HEADQUARTERS VIRGINIA FORCES,
Grafton, May 25, 1861.
Colonel R. S. GARNETT,
Adjutant-General Virginia Forces, Richmond, Va.:
COLONEL: I assembled two companies at Pruntytown, three miles from this place, on the 18th. The same night the State bridge across Tygart’s Valley River, one mile from this place and between these towns, was fired by some disaffected persons, and was near being destroyed. The next day I stationed the two companies, about 100 men upon the bridge, as it afforded good quarters. On the 22nd I was joined by Captain Turner’s company from Clarksburg. With these companies I went into Grafton without meeting the threatened resistance though some disorder was shown by the mob. On the night of the 22nd one of my sentinels was assaulted and fired upon by two armed persons, the ball cutting through his ear. The sentinel fired in return and killed one of his assailants. The other escaped, though fired upon by another sentinel. I have retained the arms found in the hands of the dead man and given up his body to his friends. Yesterday evening the train from Beverly and the escort arrived. To-day I have brought four infantry and one cavalry company into this town. The town is badly located and laid out to be occupied by a military force. It is also surrounded by eminences of such position and extent as to require several thousand men to hold it properly. Artillery on either of these hills would fully command the town. The force now here is undisciplined, and I am greatly in need of officers acquainted with their duties. I have but two or three officers at all acquainted with their duty, and these can effect but little upon a mass of militia. The quartermaster and commissaries are also inexperienced and this is the cause of confusion and injury to the service. Having little or no assistance, I cannot correct the numerous errors constantly arising. I am not satisfied with my position here. It is weak, untenable by such a force as this against a few pieces of artillery, and yet I cannot recommend the sending of artillery here without a sufficient infantry force to protect it, for I can assure you that if they choose the enemy can bring with them from these northern counties ten to one against us. I will do the best I can however, under all circumstances. The cavalry companies here require pistols or rifles. So far as the defense of this place is concerned, cavalry is useless. It can act effectively only in patrolling the county. There are two companies of this arm now here without arms. I must order them home or equip them as infantry. I am much in need of cartridge-boxes and cap-boxes, and instructions for the commissary and quartermaster’s departments. At the request of citizens of this county I send this by a special messenger, Lieutenant-Colonel Heck, who will give their views as to the state of affairs here.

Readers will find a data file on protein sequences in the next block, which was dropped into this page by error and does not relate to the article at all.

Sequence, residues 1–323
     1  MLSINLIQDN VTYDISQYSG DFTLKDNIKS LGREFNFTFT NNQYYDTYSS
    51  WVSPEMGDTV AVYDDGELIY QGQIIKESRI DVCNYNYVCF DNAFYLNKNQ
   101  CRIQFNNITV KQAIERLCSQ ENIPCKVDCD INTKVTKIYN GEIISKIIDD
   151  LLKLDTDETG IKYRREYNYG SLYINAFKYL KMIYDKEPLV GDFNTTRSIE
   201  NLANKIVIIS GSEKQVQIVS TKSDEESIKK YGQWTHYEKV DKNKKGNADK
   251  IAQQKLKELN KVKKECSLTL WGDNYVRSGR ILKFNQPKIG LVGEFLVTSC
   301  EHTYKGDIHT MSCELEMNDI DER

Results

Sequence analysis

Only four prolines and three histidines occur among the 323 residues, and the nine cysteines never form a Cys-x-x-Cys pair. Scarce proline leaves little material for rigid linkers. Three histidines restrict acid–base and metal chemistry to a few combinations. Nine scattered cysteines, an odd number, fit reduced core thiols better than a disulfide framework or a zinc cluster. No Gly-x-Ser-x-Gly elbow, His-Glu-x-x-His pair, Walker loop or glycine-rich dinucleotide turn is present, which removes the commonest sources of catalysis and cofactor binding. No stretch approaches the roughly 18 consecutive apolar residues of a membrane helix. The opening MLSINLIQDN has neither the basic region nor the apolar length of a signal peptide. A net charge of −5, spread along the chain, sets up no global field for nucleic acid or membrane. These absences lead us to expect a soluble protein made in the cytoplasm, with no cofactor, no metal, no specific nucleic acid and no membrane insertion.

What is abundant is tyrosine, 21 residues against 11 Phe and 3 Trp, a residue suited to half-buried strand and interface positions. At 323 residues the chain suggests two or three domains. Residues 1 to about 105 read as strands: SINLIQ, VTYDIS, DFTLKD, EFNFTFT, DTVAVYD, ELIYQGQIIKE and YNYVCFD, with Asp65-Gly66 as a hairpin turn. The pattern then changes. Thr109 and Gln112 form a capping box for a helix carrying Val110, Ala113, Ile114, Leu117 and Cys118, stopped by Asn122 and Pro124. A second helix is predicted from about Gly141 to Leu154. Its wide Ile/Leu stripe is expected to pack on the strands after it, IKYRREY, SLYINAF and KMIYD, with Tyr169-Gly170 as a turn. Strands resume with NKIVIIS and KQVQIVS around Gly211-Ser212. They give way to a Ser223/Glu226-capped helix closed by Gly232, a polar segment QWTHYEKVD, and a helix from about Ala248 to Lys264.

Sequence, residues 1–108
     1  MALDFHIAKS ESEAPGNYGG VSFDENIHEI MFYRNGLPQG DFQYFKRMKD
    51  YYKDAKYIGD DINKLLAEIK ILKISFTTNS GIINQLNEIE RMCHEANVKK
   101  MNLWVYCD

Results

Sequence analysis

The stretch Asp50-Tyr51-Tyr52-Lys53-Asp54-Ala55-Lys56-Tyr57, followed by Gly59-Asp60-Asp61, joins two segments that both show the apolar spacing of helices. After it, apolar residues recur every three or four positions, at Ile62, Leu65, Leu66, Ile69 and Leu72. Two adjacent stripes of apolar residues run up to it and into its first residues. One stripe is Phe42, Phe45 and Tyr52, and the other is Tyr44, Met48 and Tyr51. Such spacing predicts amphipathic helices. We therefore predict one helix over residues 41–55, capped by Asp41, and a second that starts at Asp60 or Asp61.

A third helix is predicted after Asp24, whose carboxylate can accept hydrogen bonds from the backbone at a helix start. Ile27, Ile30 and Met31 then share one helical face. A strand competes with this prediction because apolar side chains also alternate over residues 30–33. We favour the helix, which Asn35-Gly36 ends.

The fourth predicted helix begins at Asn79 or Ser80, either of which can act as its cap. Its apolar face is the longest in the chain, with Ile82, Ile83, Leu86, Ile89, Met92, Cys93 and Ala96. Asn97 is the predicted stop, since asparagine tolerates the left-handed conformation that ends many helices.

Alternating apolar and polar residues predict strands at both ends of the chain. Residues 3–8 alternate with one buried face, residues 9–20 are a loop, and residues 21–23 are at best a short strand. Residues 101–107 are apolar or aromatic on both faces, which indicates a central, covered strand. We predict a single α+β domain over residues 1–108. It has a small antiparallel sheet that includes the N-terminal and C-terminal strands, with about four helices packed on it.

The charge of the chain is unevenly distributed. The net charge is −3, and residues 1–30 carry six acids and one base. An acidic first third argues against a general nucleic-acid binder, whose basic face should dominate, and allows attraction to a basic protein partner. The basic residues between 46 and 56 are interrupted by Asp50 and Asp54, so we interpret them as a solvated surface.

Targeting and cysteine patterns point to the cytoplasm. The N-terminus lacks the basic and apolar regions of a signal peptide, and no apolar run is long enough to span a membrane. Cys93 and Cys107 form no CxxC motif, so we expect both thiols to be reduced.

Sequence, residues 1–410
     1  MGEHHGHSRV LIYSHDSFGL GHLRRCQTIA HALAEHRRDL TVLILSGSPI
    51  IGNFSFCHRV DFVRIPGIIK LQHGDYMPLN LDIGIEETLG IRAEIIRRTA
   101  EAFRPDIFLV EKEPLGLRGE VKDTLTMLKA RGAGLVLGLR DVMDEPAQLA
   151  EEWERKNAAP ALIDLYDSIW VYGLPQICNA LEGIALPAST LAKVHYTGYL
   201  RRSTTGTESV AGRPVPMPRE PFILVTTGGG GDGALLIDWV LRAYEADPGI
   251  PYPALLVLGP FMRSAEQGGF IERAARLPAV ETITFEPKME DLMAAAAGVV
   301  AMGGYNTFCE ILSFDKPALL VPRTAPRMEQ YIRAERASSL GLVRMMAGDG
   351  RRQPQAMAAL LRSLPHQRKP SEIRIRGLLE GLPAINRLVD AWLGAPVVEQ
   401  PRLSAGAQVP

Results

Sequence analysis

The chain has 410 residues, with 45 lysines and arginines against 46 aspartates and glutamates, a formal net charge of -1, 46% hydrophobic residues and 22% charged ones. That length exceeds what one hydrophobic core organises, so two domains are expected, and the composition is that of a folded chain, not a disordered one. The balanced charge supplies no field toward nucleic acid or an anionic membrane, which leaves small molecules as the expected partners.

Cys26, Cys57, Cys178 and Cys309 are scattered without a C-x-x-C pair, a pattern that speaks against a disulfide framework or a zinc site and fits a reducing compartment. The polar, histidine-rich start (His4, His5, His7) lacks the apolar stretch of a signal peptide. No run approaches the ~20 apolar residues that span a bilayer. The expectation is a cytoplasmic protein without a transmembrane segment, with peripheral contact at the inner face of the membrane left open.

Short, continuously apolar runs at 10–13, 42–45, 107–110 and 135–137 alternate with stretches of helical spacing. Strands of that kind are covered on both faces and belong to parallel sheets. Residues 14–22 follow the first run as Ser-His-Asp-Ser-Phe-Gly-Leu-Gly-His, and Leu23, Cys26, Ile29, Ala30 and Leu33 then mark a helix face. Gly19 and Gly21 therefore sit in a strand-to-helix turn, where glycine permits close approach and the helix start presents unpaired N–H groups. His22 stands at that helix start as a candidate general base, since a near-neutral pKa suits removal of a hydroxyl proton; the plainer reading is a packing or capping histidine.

Very respectfully, your obedient servant,
GEORGE A. PORTERFIELD,
Colonel of Volunteers, Commanding.
The War of the Rebellion: A Compilation of the Official Records of the Union and Confederate Armies. Series I, Vol. LI, Part II. Washington: Government Printing Office, 1897.